The backpack or rucksack is an item of the utmost importance for hunting. You wear it all day for exploration, preparation and the hunting itself. In choosing one, you detect your needs and select a model that is comfortable, waterproof, noiseless and convenient. A camouflage pattern color is preferable but not essential.
A thing to keep in mind when getting a backpack is that not all hunting backpacks are fit for all the types of hunting. There are several things to keep into account:
– the length of the trip. A day or several days, a week to a few weeks; whether you are going to return to camp every day; all that determines the type of backpack. For a weekend hunting trip, a backpack of 3,000 cubic inches may be enough. You’ll need a larger backpack on longer outings. Normally between 4,500 and 7,000 cubic inches.
– the time to carry the backpack in one go;
– the load that it has to support. Read the rest
Inwent-Iij: Luc Escoute, you’ve come to take on an area of hunting in South Africa, Koedoeskop, can you tell us about this beautiful project?
Luc Escoute: I grew up and worked in Africa for more than 20 years. Lovers of nature and hunting, we wanted, with my two associated, French also, to open a territory of great African game to beginner hunters as well as experienced, in a totally unspoilt environment.
The field of Koedoeskop, [kuduskop], literally, in Afrikaans, “the Hill with Kudus”, acquired in early 2014, has not been used in a commercial manner for nearly 15 years which explains its exceptional diversity (and quantity) of game.
The most important thing for us is to offer an authentic African hunting experience, as close to the wild life as possible. Despite the substantial size of the area (3600ha) we favor above all a sports hunting, without locationing or terrain vehicles.
Unusually for a domain of southern Africa, we have several distinct habitats: wide river bed surrounded by acacias, bushland, hills and mountains with dense vegetation, each with their flora and their specific game. Read the rest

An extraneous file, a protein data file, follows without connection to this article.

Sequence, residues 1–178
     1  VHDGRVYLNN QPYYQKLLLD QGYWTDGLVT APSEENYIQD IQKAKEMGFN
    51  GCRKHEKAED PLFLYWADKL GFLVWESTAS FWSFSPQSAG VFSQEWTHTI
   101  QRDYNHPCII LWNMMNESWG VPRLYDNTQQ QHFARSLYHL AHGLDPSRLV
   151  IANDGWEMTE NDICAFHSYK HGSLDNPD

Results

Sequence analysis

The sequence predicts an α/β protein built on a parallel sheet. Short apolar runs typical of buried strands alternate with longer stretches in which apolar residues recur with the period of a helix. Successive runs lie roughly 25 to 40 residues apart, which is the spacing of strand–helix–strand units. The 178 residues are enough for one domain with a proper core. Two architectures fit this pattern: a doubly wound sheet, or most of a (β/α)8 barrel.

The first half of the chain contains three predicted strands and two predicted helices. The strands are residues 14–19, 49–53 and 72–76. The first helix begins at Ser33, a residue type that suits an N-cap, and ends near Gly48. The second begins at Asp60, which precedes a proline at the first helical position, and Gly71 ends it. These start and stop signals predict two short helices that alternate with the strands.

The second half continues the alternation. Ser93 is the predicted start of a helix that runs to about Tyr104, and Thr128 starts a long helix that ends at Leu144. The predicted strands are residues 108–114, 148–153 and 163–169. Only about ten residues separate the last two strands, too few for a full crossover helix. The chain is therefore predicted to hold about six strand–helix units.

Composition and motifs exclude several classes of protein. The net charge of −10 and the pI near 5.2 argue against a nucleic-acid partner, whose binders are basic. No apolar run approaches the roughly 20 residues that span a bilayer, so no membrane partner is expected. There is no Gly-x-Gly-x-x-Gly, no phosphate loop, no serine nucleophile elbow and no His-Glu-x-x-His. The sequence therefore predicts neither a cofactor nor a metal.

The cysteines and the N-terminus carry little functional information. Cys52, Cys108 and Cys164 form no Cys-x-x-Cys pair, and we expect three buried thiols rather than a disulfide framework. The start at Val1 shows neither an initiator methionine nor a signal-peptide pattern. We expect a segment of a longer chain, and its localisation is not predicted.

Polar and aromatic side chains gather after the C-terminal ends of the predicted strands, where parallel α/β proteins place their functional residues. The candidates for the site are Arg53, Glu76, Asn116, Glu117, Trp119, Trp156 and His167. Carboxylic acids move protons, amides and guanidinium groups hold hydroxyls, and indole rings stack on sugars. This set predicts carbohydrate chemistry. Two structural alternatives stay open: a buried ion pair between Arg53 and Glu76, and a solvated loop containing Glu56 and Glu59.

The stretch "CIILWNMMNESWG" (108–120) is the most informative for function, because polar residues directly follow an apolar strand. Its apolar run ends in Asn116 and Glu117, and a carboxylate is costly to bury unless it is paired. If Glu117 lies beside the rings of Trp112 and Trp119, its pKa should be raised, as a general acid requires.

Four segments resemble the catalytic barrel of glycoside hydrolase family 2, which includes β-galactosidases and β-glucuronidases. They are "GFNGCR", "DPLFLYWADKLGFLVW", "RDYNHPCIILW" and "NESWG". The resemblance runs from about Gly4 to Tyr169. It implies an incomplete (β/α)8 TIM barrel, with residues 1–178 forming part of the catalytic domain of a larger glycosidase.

So, me and my friend Jaime decided to take a reporting trip to South Africa. As we planned it, the need arised for good rugged backpacks to last us through the journey and beyond. After browsing the web for information, we stumbled on the Rangermade website, where a page was dedicated to how to choose the best tactical backpack https://www.rangermade.net/best-tactical-backpack/, which was exactly what we needed. After all preparations were made and our tickets purchased, off we went.
From the air, Pretoria and Johannesburg seem residential cities, American style, completely flat and square, with magnificent houses with swimming pools and surrounded by vegetation. But grey spots of illegal camps are also visible, with shabby shacks that resemble cemeteries from the plane. These are cities full of contrasts, where wealth and poverty go hand in hand.
We landed at noon time at the Jan Smuts airport of Johannesburg and it took us longer than is desirable to cross the customs. Read the rest
Photography implies being able to choose. Photography is a social phenomenon. From your passport photo to photographs of ceremonies or holidays, reports, postcards, advertising, art photography,… both the digital and analogue photography take on a great function of documentation, interpretation, of historical and social and anthropological memory. Photography is part of the collective and family life.